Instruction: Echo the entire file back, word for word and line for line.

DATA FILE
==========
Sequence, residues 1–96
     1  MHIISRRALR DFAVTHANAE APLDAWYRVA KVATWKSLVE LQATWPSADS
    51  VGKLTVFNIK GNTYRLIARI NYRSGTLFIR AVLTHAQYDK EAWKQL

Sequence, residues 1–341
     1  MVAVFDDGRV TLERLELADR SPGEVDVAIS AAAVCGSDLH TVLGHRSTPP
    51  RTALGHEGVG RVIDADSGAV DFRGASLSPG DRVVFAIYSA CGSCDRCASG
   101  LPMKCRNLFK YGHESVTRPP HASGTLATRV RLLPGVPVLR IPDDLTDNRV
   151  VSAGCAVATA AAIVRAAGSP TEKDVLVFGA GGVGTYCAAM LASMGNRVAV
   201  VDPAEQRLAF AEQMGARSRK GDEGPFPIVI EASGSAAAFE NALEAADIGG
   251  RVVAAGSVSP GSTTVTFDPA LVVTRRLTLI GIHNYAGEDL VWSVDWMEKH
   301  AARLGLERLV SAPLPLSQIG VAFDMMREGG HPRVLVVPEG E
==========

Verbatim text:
Sequence, residues 1–96
     1  MHIISRRALR DFAVTHANAE APLDAWYRVA KVATWKSLVE LQATWPSADS
    51  VGKLTVFNIK GNTYRLIARI NYRSGTLFIR AVLTHAQYDK EAWKQL

Sequence, residues 1–341
     1  MVAVFDDGRV TLERLELADR SPGEVDVAIS AAAVCGSDLH TVLGHRSTPP
    51  RTALGHEGVG RVIDADSGAV DFRGASLSPG DRVVFAIYSA CGSCDRCASG
   101  LPMKCRNLFK YGHESVTRPP HASGTLATRV RLLPGVPVLR IPDDLTDNRV
   151  VSAGCAVATA AAIVRAAGSP TEKDVLVFGA GGVGTYCAAM LASMGNRVAV
   201  VDPAEQRLAF AEQMGARSRK GDEGPFPIVI EASGSAAAFE NALEAADIGG
   251  RVVAAGSVSP GSTTVTFDPA LVVTRRLTLI GIHNYAGEDL VWSVDWMEKH
   301  AARLGLERLV SAPLPLSQIG VAFDMMREGG HPRVLVVPEG E